New centre of excellence for battery research
6–7 February will mark the start for the new centre of excellence for battery research – Batteries Sweden–- which will be coordinated by Uppsala University. The centre will support cutting edge battery research in collaboration with companies working to strengthen both research and the industry.
The centre of excellence for batteries will be called “Batteries Sweden”. Its formal start date is 1 March, and it is being supported by Sweden’s innovation agency, Vinnova.
“Our intention is for the centre to be here for a long time. Vinnova can grant us funding for ten years,” Daniel Brandell, Professor at the Department of Chemistry and director of the centre, tells us.
Chalmers, the Royal Institute of Technology (KTH) and the research institute Rise are among the participants, together with some 15 companies, including ABB, Volvo, Scania and Northvolt. The participating higher education institutions (HEIs) make up much of the academic community, which has historically been responsible for much of the battery research out of Sweden. The HEIs still conduct most research in the field.
“We also have a long tradition of cooperating and participating in joint projects. This is a community that we can learn from. It will also be exciting to work more with companies with whom we haven’t had much collaboration previously.”
Covers the entire supply chain
Companies that are involved in the centre cover the entire supply chain for batteries, from raw materials to battery cell manufacturing, adaptations within the automotive industry, power electronics and recycling.
“Companies that model batteries and develop software are also included,” says Brandell.
The work will take the form of projects grouped around various topics. This includes new materials and concepts for batteries, smart batteries and modelling and characterisation.
“Within these defined areas, we will pursue a number of projects that include some of the HEIs and companies, where there are common systems and materials that we are interested in.”
The questions examined in the research projects will come from both the HEIs and the industry.
“One third of the funding for the centre comes from Vinnova, one third from the HEIs and one third from the companies. This means that there must be a clear common interest from both universities and businesses if this is to work,” says Daniel Brandell.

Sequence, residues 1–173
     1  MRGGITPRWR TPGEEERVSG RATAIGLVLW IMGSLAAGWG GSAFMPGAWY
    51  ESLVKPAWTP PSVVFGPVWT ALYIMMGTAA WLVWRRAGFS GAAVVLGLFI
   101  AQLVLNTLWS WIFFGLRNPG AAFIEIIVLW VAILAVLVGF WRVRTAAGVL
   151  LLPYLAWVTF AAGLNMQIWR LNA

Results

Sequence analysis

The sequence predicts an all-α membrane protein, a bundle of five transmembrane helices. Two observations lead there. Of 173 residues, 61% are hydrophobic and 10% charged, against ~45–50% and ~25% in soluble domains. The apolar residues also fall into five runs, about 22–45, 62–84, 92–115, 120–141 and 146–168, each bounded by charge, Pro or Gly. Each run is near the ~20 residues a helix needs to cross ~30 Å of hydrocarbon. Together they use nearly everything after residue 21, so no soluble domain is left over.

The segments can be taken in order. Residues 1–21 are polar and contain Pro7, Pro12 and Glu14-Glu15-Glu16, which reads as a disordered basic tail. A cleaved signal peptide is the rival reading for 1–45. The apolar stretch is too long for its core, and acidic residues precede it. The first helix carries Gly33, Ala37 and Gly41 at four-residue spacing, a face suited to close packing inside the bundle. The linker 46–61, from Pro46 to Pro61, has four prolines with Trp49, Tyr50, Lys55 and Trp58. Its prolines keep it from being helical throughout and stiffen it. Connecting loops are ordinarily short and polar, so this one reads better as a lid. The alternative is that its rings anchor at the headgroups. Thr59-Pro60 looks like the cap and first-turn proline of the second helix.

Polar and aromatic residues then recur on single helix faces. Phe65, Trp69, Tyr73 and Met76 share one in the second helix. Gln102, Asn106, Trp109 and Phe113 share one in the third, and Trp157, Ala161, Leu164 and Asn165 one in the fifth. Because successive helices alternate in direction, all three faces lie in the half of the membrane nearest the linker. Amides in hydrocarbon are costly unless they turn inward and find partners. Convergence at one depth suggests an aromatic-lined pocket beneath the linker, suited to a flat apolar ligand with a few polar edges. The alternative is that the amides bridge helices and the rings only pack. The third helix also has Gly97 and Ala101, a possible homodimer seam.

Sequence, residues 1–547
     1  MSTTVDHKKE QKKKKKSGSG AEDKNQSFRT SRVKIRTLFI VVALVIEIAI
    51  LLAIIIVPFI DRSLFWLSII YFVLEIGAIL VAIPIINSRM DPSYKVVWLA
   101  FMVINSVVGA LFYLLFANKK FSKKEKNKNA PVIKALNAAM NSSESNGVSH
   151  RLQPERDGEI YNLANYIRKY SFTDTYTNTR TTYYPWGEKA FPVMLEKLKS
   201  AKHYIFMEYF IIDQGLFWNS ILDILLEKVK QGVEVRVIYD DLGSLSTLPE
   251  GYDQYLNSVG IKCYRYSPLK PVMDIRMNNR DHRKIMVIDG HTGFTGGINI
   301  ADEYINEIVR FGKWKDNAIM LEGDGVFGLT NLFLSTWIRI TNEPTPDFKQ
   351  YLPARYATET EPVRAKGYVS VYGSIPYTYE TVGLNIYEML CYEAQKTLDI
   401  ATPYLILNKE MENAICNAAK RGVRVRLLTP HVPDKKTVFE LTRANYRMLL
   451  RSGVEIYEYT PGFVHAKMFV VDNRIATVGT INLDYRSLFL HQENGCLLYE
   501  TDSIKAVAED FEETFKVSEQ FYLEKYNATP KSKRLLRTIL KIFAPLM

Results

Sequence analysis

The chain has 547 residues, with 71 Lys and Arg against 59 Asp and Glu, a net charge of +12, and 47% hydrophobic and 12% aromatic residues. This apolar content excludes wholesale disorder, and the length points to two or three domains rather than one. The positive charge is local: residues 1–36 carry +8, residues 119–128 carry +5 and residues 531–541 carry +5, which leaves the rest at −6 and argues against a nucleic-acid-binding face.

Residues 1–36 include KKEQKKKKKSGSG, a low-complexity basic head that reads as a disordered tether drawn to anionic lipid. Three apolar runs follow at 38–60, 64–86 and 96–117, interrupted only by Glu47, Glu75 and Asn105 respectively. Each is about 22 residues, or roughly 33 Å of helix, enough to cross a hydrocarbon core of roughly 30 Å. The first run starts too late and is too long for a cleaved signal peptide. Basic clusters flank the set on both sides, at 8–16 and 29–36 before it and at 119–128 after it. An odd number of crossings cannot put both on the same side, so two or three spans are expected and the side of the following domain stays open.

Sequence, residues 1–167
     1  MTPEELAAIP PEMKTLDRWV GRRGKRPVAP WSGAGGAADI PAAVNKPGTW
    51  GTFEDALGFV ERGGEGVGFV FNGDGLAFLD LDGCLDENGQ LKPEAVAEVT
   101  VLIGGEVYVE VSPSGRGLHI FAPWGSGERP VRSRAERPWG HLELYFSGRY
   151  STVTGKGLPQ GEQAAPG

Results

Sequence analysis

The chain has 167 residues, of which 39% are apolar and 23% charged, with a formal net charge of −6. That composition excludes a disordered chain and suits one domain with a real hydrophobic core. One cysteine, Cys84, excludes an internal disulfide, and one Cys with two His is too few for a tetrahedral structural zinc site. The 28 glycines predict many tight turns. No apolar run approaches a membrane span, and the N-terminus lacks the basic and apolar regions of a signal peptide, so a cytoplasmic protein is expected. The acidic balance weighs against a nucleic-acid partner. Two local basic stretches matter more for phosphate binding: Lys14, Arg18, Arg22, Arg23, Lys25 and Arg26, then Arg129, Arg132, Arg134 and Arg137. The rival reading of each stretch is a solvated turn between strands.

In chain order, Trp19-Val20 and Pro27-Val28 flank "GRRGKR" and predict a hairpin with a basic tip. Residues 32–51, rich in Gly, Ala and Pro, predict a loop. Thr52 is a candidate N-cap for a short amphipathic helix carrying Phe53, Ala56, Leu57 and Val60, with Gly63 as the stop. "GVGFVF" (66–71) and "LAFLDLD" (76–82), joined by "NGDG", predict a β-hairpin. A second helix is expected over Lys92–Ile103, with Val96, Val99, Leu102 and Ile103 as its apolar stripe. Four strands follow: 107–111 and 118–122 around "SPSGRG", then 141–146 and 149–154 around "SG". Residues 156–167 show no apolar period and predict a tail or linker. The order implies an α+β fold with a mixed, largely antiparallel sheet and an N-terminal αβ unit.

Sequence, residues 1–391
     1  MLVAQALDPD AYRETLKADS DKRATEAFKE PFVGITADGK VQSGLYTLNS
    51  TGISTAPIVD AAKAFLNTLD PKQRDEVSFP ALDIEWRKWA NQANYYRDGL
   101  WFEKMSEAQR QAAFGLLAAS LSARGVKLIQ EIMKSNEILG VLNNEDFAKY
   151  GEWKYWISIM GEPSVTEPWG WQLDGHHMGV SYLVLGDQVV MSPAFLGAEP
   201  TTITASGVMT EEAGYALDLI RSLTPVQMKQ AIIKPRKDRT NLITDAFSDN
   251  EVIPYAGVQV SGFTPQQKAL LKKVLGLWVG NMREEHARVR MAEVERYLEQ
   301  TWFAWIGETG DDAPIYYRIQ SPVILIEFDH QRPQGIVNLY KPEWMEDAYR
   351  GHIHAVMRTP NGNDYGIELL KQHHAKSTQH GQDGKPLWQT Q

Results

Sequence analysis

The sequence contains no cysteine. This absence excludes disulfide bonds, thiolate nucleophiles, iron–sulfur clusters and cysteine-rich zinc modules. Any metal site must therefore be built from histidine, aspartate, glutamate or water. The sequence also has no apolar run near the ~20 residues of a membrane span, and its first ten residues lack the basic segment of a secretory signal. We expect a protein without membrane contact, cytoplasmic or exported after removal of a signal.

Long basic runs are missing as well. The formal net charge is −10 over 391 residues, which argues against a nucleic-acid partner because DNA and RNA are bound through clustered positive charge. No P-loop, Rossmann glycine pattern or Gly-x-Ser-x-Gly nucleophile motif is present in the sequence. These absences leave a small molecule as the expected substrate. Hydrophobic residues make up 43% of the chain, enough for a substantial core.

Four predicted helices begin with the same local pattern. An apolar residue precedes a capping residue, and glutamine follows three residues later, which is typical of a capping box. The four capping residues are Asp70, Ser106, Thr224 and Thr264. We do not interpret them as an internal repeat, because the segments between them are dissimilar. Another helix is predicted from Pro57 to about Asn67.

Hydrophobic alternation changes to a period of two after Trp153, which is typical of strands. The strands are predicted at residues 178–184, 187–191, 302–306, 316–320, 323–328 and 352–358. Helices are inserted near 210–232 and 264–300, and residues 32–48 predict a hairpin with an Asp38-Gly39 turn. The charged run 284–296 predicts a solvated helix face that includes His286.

Relevant issues for Swedish industry
The hope is that the initiative will lead to ground-breaking research around issues that are relevant for Swedish industry.
“We will help to make Swedish industry better. The research that we carry out and the materials that we produce will also lead to actual products and as researchers, we find this very exciting.”
In turn, the companies will gain access to first-class research infrastructure and considerable expertise within the field.
“We are absolutely at the leading edge of research, and if Swedish companies are to be able to assert themselves and compete, they need this type of expertise.”
THREE CENTRES OF EXCELLENCE AT UPPSALA UNIVERSITY
Biomaterials, new medicines and batteries are the research fields that benefiting from the three new centres of excellence, led by Uppsala University, opening with funding from the innovation agency Vinnova.
Research into creating new types of light, inexpensive, environmentally friendly and safe batteries with ultra high energy storage.
Project Managers: Kristina Edström and Daniel Brandell, professors at the Department of Chemistry.
Swedish Drug Delivery Center (SweDeliver)
Research aimed at taking a world-leading position, educate the next generation of scientists, build ecosystems for pharmaceutical scientific and industrial expertise, and contribute to the development of new innovative drugs for diseases for which there are currently no treatments.
Project Manager: Christel Bergström, senior lecturer at the Department of Pharmacy.
Additive Manufacturing for the Life Sciences
Centre of research, development and regulatory aspects of new technologies for 3D printing, including complex structures for improved bioprocesses, more reproducible 3D tumour models and faster optimisation of medication.
Project Manager: Cecilia Persson, professor at the Department of Materials Sciences.